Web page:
Across the United States, high school sports programs have faced budget cuts that have reduced or even eliminated sports opportunities for kids. Dramatic cuts in revenue, rising costs of insurance and upkeep of facilities, and other factors have caused school systems to cancel programs. In many cities, parents and school supporters have banded together to save these programs. Boosters clubs have sprung up around the country, helping to raise funds that allow students to participate in sports.

A great example of the power of boosters organizations is the White Pines Athletic Boosters in Ely, Nevada. The school district that includes the White Pine High School faced serious budget cuts as fewer students were enrolled in schools there. The district was facing over $1 million in cuts, and in order to save money for other programs, sports were in danger of being eliminated. Administrative programs and professional expenses had been slashed in previous years, so the school board had to take dramatic steps. $90,000 of the annual operating budget was cut from sports programs in the district. These budget cuts came from reduced student numbers and the expenses associated with retaining teachers, high insurance rates, and a loss of tax revenue in the area.

This is where the White Pines Athletic Boosters stepped in to help. In years past, the group helped raise funding for equipment purchases and travel expenses for the high school athletic program – this year, the Boosters were recruited by the principal of White Pine High School to come up with a plan to raise money to save all of the school’s sports programs. In partnership with parents, community leaders, school administrators, and volunteers, the group created a fundraising campaign called “We Ride for the Brand” which was able to bring in $120,000 in donations.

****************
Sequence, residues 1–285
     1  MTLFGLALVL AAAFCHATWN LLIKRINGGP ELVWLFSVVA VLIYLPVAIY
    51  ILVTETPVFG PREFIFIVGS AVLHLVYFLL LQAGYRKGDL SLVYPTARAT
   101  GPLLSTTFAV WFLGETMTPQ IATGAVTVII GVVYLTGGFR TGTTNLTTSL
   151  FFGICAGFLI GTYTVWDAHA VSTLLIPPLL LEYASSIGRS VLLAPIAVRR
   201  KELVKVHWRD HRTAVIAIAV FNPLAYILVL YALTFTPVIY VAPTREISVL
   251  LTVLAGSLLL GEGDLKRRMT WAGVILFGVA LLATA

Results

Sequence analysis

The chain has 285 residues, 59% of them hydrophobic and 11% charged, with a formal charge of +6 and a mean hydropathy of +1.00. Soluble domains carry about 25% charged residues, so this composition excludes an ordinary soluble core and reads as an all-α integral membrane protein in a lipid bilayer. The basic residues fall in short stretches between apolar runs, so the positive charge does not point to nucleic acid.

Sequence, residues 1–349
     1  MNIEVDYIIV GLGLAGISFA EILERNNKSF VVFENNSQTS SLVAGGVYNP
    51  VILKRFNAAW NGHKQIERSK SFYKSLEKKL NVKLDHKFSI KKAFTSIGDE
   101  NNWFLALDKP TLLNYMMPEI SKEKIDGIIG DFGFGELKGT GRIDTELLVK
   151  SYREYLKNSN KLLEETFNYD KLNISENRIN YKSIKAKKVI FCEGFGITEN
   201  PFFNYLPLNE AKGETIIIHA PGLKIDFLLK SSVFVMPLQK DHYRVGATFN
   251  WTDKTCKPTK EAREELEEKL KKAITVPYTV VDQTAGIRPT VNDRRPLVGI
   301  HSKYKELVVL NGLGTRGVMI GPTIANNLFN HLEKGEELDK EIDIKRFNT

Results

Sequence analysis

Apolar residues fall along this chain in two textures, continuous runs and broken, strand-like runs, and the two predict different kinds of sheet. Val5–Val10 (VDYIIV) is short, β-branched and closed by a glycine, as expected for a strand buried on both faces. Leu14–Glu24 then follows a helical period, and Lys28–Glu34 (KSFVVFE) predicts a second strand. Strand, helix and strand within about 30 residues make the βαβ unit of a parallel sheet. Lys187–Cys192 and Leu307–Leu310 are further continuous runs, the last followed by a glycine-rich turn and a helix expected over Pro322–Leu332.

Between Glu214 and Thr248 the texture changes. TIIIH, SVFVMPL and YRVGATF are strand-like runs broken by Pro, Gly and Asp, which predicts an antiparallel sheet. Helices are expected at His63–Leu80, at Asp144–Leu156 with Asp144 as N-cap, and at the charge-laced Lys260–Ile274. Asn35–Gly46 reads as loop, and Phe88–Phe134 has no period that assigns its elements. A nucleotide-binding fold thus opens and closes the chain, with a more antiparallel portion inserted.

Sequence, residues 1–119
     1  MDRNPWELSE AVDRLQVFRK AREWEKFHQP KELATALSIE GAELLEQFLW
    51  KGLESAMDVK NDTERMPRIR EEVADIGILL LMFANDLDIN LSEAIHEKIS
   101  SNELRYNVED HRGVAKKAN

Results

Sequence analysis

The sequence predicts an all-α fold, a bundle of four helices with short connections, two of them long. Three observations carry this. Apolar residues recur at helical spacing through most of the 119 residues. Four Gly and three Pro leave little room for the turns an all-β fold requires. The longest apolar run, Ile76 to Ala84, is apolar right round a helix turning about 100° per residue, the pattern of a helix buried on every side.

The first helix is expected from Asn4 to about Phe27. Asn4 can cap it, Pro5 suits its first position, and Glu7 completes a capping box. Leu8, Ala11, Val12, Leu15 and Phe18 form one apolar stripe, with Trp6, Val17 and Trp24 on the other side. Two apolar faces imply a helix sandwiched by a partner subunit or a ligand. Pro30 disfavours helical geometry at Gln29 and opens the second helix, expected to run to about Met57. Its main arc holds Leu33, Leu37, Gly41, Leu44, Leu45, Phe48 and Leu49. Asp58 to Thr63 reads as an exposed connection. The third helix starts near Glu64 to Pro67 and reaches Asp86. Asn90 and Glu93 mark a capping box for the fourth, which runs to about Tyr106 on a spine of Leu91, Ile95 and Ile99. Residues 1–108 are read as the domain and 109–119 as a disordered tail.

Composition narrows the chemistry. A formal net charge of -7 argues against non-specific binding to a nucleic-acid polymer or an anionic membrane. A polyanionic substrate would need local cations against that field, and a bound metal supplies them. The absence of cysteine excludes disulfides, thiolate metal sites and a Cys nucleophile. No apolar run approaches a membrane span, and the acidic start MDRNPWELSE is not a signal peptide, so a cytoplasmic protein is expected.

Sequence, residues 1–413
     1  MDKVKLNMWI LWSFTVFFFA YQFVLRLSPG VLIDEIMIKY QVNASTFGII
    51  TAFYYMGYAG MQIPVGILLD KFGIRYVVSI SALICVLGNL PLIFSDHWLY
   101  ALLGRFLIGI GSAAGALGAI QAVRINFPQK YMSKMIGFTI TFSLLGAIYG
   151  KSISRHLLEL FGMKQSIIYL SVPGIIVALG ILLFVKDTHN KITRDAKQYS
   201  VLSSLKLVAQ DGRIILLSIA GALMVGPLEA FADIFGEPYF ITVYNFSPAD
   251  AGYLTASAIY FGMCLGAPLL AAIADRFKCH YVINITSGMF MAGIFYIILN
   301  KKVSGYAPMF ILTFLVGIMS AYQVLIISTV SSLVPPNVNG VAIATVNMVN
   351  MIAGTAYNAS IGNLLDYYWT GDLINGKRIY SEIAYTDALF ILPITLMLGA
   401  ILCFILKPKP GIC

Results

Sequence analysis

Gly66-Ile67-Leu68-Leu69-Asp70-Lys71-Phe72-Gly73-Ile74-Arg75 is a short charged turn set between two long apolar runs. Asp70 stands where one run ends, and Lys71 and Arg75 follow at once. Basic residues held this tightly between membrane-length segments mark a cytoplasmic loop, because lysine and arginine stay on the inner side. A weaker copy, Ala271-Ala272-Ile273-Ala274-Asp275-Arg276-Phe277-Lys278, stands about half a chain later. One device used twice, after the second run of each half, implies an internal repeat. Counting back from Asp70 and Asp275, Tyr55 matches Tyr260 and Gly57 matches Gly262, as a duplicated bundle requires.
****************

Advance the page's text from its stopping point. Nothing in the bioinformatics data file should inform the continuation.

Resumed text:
The Boosters looked at how other school districts conducted fundraising campaigns and developed a plan to raise the needed money in creative ways. Student athletes at the school also pitched in to help, raising $38,000 on their own by securing pledges from members of the community in exchange for running laps. This part of the campaign was called The Bobcat and Ladycat Commitment Challenge, and it was a huge success. Current and future athletes from the school’s sports teams also created the Iron Athlete Challenge, collecting money from pledges based on the number of sports tasks they could complete in 15 minutes. Athletes did pull ups, push ups, jump squats, and other tasks as part of the challenge.

The White Pine Athletic Boosters hosted a barbecue and dance at one of the city parks over the July 4th weekend and also held a softball tournament. Both of these events brought in much-needed funding and support. Then, the group focused on other efforts. Raising Boosters membership fees and seeking out financial help from school alumni and local businesses were the next step; in total, these efforts brought in an additional $83,000 in donations. Merchandise sales, athletic contests, corporate sponsorship programs, and promotional events all became features of the Boosters’ fundraising work. The corporate sponsorships in particular have made a huge difference, with several local businesses committing to support the sports programs with $5000 or more in contributions each.

The power of volunteers, coupled with creative fundraising efforts, have been instrumental in saving critical sports programs here in Ely, Nevada and in other U.S. cities. Sports are an important part of the high school experience, and raising money so that students can participate in their favorite sports is a smart move when faced with administrative budget cuts.

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